As bright-eyed students have ridden the clichéd wave of easy money over the past ten or so years, other, more devious entities have been along for the ride.  For-profit schools have taken all of that government guaranteed money and built empires out of what were formerly non-tier backwater institutions. These for-profit schools are still garbage, they just make a lot more money now. Alas, the bloodsuckers who run fourth-rate MD schools in the Caribbean have hit the beaches like it was Normandy in 1944, gunning to monetize the “ivory tower” that is standardized medical education in the United States – they want a piece of that government gravy train just like the boys at Phoenix and Cappella and Kaplan University (stick to test prep, Kaplan, actually don’t – Examkrackers is superior for the MCAT).

The first for-profit medical school in the United States opened in 2008, run by the family that owns American University of the Caribbean – the absolute bottom tier of medical education for a U.S. citizen. For our enjoyment and educational fulfillment, these people have kindly brought Caribbean-style, for-profit medical education to the United States. Rocky Vista University (note that it’s website ends with .org instead of .edu because it is not yet fully accredited) is located in the “Denver Metroplex” and is a Osteopathic outfit.  It is in an office park, or, if you prefer, the warehouse district.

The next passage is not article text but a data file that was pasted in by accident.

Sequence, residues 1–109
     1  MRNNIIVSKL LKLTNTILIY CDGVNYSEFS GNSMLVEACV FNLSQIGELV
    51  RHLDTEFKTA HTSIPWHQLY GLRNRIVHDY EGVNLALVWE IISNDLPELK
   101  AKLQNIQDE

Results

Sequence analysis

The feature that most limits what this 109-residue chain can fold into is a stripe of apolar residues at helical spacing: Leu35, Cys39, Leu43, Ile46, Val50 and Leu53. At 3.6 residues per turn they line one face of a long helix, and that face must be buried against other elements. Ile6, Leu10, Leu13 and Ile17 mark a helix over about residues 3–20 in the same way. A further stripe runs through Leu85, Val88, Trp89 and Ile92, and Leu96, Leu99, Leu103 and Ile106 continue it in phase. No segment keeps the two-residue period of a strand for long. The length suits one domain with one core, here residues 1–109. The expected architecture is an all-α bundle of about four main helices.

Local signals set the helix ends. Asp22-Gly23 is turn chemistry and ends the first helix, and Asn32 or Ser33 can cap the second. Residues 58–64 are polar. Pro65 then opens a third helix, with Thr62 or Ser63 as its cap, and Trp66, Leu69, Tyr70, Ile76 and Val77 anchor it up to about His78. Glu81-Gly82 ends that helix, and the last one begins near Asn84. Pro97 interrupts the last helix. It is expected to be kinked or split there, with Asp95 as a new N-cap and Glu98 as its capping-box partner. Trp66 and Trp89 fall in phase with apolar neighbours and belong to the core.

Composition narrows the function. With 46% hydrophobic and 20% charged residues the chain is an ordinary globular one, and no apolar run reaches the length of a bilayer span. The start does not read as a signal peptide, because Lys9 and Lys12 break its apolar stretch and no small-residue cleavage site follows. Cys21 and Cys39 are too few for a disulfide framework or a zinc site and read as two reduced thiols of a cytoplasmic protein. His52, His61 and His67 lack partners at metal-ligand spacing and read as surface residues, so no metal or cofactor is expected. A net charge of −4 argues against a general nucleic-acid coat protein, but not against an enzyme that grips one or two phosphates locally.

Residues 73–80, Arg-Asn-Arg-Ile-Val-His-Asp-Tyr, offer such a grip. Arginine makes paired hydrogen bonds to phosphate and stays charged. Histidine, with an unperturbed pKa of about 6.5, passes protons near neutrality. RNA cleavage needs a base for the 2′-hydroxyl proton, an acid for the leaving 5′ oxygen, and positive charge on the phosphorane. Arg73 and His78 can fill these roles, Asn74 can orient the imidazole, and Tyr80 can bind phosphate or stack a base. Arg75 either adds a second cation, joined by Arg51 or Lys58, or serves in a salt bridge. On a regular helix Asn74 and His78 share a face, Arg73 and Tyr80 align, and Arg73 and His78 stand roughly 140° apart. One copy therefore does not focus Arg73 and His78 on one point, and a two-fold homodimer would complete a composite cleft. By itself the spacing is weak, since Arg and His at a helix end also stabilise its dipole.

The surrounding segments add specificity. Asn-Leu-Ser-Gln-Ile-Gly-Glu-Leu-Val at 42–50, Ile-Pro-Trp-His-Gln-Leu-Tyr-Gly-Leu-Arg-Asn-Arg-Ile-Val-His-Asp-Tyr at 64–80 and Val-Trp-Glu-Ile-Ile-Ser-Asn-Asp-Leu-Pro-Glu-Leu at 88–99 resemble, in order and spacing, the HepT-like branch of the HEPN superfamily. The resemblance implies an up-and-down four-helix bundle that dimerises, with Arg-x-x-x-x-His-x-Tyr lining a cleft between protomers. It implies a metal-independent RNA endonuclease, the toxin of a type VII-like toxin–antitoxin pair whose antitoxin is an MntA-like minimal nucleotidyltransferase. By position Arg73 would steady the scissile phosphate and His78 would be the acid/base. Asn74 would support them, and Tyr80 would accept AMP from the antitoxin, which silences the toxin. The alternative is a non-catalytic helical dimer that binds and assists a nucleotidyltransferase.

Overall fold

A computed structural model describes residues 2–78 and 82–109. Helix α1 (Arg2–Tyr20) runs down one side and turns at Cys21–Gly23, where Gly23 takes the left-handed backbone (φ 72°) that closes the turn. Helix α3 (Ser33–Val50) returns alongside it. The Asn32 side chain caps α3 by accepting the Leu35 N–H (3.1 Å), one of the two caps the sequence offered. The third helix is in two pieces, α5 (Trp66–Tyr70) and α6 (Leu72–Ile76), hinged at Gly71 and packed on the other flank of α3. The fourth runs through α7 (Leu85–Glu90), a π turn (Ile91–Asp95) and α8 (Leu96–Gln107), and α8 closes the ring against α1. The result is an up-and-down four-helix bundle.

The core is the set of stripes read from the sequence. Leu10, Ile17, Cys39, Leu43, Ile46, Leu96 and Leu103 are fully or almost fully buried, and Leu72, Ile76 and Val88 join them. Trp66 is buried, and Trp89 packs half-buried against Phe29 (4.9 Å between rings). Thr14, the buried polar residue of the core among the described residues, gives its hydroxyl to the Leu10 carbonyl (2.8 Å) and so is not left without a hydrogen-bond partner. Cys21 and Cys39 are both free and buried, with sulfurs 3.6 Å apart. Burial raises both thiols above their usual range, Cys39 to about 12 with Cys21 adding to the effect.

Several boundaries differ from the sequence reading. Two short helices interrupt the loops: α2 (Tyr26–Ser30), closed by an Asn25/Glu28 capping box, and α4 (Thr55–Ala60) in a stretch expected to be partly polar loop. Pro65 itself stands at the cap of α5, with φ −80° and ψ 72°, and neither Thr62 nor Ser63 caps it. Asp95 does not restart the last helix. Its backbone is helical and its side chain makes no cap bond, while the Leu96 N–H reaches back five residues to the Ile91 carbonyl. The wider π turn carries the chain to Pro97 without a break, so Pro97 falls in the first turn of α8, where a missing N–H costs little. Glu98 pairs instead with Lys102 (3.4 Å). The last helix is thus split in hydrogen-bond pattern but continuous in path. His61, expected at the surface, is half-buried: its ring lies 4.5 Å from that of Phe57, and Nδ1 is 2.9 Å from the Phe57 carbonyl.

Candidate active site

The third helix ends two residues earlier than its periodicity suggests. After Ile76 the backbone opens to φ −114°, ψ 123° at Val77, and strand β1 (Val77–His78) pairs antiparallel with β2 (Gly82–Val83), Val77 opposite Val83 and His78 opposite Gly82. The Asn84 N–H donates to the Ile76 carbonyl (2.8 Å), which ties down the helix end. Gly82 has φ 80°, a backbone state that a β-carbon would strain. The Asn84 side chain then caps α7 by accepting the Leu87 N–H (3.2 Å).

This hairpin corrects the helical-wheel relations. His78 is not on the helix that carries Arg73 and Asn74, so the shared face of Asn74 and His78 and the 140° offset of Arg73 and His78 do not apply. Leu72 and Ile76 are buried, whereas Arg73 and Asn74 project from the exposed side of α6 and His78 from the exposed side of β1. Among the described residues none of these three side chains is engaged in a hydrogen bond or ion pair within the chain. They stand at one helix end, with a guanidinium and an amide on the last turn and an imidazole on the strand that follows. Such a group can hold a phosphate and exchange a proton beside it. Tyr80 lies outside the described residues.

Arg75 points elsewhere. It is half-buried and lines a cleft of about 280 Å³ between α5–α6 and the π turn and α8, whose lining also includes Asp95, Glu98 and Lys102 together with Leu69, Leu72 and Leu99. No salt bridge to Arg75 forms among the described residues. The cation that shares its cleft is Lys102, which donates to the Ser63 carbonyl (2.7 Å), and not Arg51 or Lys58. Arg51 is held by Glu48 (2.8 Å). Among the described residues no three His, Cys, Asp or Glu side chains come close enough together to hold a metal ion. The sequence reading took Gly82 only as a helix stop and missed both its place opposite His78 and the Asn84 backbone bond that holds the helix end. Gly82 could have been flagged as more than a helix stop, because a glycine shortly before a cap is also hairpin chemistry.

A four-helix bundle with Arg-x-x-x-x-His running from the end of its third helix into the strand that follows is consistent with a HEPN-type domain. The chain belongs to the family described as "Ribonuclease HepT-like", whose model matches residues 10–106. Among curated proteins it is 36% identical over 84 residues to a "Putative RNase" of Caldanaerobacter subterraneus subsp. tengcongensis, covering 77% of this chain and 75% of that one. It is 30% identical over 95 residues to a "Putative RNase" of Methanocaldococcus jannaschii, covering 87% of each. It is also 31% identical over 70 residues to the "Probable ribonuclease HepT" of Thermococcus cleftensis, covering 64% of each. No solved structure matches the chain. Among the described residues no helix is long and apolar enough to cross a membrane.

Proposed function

Because it isn’t accredited or linked with a university that has regional accreditation, its first four classes can’t take out government loans and must get financing from a private bank. These 600 or so people (because Osteopathic schools don’t have to limit their entering classes like MD schools) are truly in the hurt locker financially if they do not come from wealth or won the nickel slot jackpot at the local reservation casino. These private loans may, depending on credit score, have interest rates well above 10%.  Like many new Osteopathic schools, its 3rd and 4th years (the vital clinical years of medical education) are a huge question mark, and there are rumblings that things aren’t looking good for those inaugural students.